Modeling ................................................................................................................................................. 52
Numbering .............................................................................................................................................. 53
Creating drawings ................................................................................................................................... 54
Lists ......................................................................................................................................................... 54
NC files .................................................................................................................................................... 54

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ADVANCE STEEL Starting Guide

INTRODUCTION
This starting guide is a brief introduction to working with Advance Steel, describing the basic
methodology and not meant to replace formal training.

Advance Steels model based environment allows you to produce accurate detailed general
arrangement and shop drawings faster, helping to speed time to erection and fabrication.

The Advance Steel objects chapter describes the main objects to create a small steel structure.

Some of the Advance Steel connections are described in the Automatic Steel Connections chapter and
are used to create a small model. The 3D model is created using a 1:1 scale. The model contains
information about dimensions, objects, and attributes from which drawings are created as described in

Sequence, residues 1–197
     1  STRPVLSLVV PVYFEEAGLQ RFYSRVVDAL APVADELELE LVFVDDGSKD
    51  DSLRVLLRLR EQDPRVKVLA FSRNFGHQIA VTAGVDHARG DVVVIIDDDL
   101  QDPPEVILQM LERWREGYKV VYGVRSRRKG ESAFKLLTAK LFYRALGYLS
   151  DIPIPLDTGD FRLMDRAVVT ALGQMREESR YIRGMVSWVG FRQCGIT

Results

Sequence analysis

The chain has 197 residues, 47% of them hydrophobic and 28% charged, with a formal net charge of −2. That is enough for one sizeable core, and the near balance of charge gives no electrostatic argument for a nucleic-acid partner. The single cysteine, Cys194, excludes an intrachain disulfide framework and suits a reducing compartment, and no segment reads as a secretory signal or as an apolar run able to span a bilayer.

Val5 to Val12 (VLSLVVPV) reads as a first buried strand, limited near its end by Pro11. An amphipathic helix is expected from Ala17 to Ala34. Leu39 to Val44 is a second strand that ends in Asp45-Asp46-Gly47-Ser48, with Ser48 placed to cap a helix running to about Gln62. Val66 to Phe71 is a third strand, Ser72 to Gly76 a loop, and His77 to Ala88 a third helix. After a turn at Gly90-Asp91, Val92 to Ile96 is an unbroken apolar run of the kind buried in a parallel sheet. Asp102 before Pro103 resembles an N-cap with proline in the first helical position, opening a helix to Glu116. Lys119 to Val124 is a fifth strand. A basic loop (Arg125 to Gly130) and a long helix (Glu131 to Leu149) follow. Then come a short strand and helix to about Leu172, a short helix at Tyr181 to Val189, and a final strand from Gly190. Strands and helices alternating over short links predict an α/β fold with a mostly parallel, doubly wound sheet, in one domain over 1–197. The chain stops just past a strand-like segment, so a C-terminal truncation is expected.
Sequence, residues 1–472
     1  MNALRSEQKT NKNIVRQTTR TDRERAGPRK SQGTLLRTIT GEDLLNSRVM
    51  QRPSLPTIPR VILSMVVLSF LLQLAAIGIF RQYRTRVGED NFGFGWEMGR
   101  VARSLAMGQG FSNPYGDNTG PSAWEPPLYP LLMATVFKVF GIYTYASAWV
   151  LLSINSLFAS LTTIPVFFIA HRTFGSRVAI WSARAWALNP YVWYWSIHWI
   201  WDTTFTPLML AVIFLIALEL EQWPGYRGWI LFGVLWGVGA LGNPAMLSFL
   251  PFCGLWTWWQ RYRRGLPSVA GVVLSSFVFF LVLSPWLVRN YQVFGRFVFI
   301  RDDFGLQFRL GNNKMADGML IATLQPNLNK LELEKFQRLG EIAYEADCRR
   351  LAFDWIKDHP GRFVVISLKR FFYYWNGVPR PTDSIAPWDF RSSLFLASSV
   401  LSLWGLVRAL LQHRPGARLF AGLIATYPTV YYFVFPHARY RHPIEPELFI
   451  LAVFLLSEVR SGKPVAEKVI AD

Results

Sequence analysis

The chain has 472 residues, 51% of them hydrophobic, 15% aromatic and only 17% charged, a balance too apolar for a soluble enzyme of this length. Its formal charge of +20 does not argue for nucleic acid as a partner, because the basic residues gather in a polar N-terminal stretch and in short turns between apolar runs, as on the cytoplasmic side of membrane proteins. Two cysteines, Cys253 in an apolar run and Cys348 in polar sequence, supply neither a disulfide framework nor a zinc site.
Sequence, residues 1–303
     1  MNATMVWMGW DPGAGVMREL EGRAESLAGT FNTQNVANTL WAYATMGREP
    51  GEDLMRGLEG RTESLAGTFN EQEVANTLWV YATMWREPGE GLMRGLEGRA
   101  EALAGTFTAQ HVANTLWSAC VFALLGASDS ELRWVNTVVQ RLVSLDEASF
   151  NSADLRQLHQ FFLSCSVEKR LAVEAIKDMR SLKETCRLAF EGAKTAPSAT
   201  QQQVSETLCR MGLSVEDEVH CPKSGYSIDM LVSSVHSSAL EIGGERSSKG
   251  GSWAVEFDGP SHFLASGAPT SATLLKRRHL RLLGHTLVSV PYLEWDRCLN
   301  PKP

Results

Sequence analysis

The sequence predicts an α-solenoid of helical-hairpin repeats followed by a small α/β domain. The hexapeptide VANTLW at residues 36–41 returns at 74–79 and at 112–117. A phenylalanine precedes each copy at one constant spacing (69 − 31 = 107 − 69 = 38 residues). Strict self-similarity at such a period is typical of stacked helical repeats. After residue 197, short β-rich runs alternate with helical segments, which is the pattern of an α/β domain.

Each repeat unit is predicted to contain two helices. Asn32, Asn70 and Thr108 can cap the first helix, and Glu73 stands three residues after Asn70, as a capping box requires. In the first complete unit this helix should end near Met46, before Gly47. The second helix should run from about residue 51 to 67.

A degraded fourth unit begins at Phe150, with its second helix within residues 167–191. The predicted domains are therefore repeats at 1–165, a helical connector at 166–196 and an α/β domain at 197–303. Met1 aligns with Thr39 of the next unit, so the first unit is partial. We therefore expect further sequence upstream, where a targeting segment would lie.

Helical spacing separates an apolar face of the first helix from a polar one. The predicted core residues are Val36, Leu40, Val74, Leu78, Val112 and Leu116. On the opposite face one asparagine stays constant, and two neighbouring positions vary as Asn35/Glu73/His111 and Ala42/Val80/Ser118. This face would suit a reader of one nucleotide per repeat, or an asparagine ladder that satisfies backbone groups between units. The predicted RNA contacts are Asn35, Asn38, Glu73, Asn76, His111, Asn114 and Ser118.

the Drawing Creation chapter.

The examples presented in this guide are generic for worldwide use and do not conform to local or
specific company standards.

Since not all Advance Steel tools are described in this guide, refer to the Advance Steel Help for more
details on all commands and parameters.

Advance Steel
Advance Steel is a leading edge steel construction application designed for steel professionals. It
provides a simple user-friendly working environment for creating 3D structural models from which
drawings are created.

The three dimensional model is created and stored in a drawing (in DWG format). The Advance Steel
model forms the basis of the 3D construction. Complex structures are created using Advance Steel
structural elements (e.g., a stairway) with all the required features, joints, and connections, within a
command.

The Advance Steel model becomes the master reference for other tools:

Dimensioned and labeled general arrangement and shop drawings are automatically created
from the model.
The Advance Document Manager manages all general arrangement and shop drawings. The
update tool in the Document Manager makes single click drawing adjustments possible after